Proud actor Gus Mercurio writes for us about his superstar son, giving a very personal and intimate look at the passions which drove Paul to dance.
The road to the stage at Melbourne's World Congress Centre, where this year's Australian Film Industry Awards were presented, began more than 20 years ago for the presenter, Paul Mercurio.

It was then that the star of Strictly Ballroom--the film that was this year's winner of the Best Movie award--started to dance at the John Curtin High School in Fremantle, Western Australia.

Paul appeared on life's stage at Swan Hill, Victoria, on the 31st day of March, 1963. He had decided he was ready to greet the world, and did so without relying on anyone's help.

Paul was our second child. I was at that time still a practicing chiropractor. It was BA: Before Acting.

Early on, Paul was overshadowed somewhat by his younger brother Michael, who was more outgoing. Paul was quietly confident and self-assured.

He was also a loyal brother to his sister, Connie, and two younger brothers, Mike and Joe. They all got along well and they still do.

We lived in Melbourne before Paul, his mother Jean, brothers and sister, moved to Ballarat and then to Perth as our marriage was falling apart.

The blame for the breakdown and for its not healing would rest with me.

Many marriages have a history of arguments, fights, drinking, hurting people and smashing things in the house--such as I remember happening between my mother and father.

Thankfully, this did not happen with Jean and me, which spared the children the spectacle of brawling parents.

But there was hurt, and still to this day, as I write these words, tears come to my eyes when I think of what Jean told me Paul had asked her when they were living in Ballarat, in the home where Jean was born. I was living in Melbourne and went to Ballarat on the weekends.

During the week, Paul had opened one of the dresser drawers. He didn't see any of my things--socks, underwear, that sort of thing. He asked his mother, "Doesn't Daddy live with us any more?" I now ache for his hurt then.

But their mother brought the children through this bad time and is responsible for their success. Things were not easy for the family in Perth. I wasn't able to help as much as I should have. Jean had to work and take social service help. She pawned her wedding ring.

None of this makes me feel any better, but it has to be told so that we can see where Paul has come from.

He didn't have it easy. Nor did any of the children. The first house they moved into was with the help of Jean's brother, when it was thought that I might relent and move to Perth to be with them.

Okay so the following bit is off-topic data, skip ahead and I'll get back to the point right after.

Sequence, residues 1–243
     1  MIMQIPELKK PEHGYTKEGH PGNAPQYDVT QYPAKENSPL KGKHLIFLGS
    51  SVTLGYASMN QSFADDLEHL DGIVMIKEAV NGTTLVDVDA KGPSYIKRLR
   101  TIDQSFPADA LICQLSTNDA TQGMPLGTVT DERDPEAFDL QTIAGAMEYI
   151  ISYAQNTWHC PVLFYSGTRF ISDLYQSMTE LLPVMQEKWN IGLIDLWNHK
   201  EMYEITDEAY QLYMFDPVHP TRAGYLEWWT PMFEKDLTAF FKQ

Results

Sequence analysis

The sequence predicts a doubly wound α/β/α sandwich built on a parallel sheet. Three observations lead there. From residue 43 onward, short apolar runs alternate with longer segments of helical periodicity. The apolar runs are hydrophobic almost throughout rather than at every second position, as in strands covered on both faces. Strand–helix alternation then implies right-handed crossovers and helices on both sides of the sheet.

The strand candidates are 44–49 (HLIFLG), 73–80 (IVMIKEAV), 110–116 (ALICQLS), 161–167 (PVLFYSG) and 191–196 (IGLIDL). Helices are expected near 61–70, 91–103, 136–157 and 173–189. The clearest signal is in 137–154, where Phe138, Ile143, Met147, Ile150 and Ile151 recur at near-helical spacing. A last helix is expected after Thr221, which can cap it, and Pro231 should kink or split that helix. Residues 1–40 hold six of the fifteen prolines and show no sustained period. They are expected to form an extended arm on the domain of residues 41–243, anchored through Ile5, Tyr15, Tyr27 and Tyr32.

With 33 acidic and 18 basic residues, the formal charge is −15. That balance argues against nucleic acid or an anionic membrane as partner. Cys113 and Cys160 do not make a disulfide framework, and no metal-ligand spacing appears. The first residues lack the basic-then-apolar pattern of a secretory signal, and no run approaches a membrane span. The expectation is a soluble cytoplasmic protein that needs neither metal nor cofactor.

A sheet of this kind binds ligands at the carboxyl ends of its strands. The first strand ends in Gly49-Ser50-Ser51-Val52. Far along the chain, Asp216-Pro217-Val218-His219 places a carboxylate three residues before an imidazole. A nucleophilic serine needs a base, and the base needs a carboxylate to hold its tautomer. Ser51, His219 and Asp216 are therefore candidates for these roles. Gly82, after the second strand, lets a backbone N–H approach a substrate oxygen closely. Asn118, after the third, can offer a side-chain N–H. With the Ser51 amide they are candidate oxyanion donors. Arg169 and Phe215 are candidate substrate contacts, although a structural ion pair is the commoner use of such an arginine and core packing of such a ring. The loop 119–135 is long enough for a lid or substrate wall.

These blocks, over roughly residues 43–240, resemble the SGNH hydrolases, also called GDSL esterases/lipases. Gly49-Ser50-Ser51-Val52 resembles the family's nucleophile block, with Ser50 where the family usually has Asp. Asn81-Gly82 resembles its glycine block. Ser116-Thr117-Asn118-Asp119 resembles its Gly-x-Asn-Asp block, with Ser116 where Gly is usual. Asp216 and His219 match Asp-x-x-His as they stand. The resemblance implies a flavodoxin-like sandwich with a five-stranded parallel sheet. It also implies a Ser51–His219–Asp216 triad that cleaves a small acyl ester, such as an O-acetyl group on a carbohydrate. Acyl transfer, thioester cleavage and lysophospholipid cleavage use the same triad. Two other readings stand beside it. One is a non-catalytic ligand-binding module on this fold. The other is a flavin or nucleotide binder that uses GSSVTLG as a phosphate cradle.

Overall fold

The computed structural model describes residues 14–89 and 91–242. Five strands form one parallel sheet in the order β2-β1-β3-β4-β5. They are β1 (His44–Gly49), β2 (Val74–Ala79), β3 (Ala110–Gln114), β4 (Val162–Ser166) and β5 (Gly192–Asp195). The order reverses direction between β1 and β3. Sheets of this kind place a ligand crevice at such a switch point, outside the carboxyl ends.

When this didn't happen, they went to a Coolbellup Housing Commission unit and the children grew up in the Fremantle area--not a good spot for a boy to become a dancer, unless you needed to dance yourself out of trouble. Which the boys, and even their sister, had to do at times.

But there were also times when they didn't dance--just planted their feet and battled it out.

They mostly held their own. Possibly my genes came to the fore, or some of what I was able to teach them--in a physical as well as a mental sense!

The boys and Connie would recall the physical games we used to play--the rough and tumble, chase and get caught, only to fight and get away again. Paul was always the most agile.

And the mental side of it: not to let anyone beat them at anything, even if it was pushing peanuts down the road with your nose. If they got into a scrap and the other guy got a meal, they were taught to make sure they got a sandwich. To have a go. To be their own person.

Paul learned these lessons well. And he learned his mother's lessons well too. Such things as compassion, awareness of others and their rights, and to be tolerant, to love each other and stick together, to have values, to be honest and open, to appreciate the good and be in touch with life.

All this went into the making of Paul, who, along the way, came to dance. Not in a big way, but because his sister was doing it and needed someone to partner her in class. He had a feel for it and stayed. He appeared on stage at school concerts, liked it, then left. He was nine when he started, 12 when he quit.

Paul's Rocky Road to Fame
by Gus Mercurio

Woman's Day
14 December 1992

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